History takes center stage

This weekend, ‘The Anvil’ brings John Brown’s final days to life

he story of abolitionist John Brown is perhaps Jefferson County’s most famous.

In the fall of 1859, Brown aimed to take the slavery question into his own hands, leading a ragtag band to Harpers Ferry, where he hoped to seize the federal arsenal, arm slaves in the surrounding countryside and start a rebellion.

Things did not go as planned.

Before the year ended, he’d been captured, tried and hanged.

Thomas Hovenden painted “The Last Moments of John Brown” in 1884. It’s now part of the collection at the Metropolitan Museum of Art.

Thomas Hovenden painted “The Last Moments of John Brown” in 1884. It’s now part of the collection at the Metropolitan Museum of Art.

Those final two months of Brown’s life riveted attention across the United States and around the globe, and historians say put in motion divisions that would spark the Civil War less than a year and a half later.

“It was pretty much the one time the whole world was looking at us,” explains Joe Yates, a longtime resident of Jefferson County who will produce, direct and star in “The Anvil,” the 1961 play by the late Julia Davis that tells Brown’s tale.

Yates said he wants audience members to feel like they’re actually seeing history unfold. “When you come up to the steps of the courthouse it’s like you’re going back in time,” Yates says.

The play is based on actual transcripts and other written records from the trial and the events surrounding it. “The Anvil” will be staged at the Jefferson County Courthouse, though the building where Brown’s trial was held was burned during the Civil War.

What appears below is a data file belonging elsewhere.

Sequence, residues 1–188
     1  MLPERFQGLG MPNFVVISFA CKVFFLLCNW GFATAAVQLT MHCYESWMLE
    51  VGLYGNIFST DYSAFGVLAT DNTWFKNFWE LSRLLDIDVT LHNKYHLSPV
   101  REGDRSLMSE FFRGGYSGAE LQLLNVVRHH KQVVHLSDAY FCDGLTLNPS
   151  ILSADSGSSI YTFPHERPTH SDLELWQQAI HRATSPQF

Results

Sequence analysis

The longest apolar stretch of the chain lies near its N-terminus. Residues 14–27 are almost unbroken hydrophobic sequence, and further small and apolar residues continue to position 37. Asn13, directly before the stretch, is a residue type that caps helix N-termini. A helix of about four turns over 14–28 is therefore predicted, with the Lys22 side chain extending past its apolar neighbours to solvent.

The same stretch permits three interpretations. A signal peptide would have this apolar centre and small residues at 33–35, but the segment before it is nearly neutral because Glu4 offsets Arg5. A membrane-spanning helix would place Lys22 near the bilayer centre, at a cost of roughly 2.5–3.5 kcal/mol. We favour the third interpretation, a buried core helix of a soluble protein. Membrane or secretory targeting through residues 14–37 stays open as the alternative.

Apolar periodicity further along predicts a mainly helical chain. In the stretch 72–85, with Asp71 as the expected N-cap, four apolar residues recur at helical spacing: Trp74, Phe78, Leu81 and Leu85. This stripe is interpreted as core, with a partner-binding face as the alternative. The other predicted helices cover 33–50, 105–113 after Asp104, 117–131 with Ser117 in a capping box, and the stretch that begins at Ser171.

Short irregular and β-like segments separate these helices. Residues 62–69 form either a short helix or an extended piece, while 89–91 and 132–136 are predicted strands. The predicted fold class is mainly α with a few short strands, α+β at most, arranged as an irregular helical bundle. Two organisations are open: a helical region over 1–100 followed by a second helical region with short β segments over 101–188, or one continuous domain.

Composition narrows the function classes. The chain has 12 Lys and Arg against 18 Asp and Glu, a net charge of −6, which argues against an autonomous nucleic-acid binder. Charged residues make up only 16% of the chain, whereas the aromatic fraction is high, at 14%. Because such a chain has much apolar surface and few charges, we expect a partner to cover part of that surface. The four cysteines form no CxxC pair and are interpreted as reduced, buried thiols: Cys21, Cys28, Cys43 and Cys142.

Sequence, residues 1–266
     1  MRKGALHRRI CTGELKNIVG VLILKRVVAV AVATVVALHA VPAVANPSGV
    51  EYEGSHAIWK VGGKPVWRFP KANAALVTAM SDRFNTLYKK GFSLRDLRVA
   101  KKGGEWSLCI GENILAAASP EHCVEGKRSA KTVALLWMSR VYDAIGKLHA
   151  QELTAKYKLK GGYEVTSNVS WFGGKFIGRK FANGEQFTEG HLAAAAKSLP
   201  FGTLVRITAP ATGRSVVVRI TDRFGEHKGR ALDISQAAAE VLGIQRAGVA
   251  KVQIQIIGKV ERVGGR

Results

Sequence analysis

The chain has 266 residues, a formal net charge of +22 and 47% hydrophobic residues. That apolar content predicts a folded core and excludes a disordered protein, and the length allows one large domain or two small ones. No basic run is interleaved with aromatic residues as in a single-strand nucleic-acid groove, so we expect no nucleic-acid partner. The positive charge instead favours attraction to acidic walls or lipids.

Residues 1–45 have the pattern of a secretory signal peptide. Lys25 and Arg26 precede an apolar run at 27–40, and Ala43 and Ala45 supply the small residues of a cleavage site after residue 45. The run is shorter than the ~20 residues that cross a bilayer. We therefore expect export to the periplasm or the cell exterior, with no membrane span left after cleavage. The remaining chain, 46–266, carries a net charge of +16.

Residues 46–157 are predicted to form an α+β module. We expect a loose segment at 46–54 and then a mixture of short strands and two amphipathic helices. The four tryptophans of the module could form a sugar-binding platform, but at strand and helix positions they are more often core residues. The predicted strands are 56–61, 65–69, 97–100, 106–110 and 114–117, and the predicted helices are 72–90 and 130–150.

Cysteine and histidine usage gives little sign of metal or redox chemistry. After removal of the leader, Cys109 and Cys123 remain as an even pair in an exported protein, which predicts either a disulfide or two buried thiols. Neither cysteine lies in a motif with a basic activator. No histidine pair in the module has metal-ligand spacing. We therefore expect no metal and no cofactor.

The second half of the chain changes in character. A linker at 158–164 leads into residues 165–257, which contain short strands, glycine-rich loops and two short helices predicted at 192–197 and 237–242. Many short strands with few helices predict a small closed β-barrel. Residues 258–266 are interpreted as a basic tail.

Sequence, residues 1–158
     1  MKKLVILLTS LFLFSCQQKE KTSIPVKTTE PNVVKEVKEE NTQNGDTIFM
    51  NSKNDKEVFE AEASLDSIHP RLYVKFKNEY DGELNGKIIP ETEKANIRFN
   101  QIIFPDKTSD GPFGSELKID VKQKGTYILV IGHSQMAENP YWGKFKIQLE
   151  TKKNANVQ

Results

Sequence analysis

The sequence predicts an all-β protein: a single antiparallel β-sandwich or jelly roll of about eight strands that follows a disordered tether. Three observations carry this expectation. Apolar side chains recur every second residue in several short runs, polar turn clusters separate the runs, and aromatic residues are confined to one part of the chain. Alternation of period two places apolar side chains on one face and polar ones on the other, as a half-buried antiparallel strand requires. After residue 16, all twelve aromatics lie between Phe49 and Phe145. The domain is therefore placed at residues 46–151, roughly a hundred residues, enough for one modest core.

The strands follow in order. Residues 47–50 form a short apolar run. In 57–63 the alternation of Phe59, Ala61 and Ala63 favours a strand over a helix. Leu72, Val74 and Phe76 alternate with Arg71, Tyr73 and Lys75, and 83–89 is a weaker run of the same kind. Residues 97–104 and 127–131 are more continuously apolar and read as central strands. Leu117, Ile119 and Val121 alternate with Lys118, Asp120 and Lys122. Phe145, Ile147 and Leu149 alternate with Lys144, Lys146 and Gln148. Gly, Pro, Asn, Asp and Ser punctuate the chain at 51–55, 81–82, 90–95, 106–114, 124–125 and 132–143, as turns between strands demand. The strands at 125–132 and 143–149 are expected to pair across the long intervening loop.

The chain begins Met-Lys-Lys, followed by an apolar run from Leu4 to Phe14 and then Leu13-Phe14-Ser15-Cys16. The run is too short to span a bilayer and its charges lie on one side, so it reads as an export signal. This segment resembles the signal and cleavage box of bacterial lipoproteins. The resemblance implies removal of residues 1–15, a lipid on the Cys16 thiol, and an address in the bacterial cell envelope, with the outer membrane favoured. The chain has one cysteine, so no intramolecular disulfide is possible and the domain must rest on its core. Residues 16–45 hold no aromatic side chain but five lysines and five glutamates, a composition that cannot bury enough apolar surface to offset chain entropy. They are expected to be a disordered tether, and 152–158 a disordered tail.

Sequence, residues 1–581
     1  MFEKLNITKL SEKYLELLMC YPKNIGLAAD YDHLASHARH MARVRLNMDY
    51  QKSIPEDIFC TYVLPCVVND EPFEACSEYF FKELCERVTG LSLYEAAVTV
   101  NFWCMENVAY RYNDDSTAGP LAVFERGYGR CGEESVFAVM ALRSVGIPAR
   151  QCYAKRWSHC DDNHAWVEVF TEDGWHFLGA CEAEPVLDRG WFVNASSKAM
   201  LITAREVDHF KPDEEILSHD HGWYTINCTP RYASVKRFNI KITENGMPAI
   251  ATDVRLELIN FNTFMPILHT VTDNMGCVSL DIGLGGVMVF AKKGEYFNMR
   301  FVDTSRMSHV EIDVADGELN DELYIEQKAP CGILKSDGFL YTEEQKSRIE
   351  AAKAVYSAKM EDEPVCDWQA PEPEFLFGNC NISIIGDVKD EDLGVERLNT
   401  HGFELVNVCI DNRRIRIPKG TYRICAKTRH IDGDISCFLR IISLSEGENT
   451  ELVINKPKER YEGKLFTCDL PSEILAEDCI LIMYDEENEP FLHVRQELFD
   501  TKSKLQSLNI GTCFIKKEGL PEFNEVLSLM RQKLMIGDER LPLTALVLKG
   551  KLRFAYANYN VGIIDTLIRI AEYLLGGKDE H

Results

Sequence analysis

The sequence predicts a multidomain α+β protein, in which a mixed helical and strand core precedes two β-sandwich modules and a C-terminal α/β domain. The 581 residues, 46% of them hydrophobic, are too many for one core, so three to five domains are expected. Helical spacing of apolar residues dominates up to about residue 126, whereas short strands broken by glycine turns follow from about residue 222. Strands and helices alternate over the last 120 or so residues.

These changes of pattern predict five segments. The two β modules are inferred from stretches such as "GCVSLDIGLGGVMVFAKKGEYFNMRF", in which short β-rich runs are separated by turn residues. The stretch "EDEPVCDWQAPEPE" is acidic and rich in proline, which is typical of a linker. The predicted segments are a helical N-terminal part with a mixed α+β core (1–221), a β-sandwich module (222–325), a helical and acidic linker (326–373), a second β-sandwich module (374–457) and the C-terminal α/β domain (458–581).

The current courthouse was built on the same plot.

“I look at this as a unique opportunity,” Yates said. “We are very, very lucky to be able to do that, and people are lucky to be able to see it. It’s amazing to be able to use that space.”

“The Anvil” also lends itself to community theater, Yates said. Because actual Jefferson County residents volunteer to portray the characters, the action of the play seems authentic. “That’s what makes it real,” he says.

Many of the actors have been involved in the production for several years and return to it out of a love of history.

While most people familiar with Brown’s story tend to see him as either a villain or a saint, “The Anvil” presents all sides of the story, according to Rico Massimino, who serves as the narrator in this year’s production.

For Doug Craze, who plays Brown’s jailer, getting familiar with that history is part of the appeal. Craze has researched the real history of his character’s life.

Homer Speaker, a real-life lawyer who will play the prosecutor, agrees.

“It’s a great play,” he says. “It happened here. It’s real for us. It’s part of who we are.”


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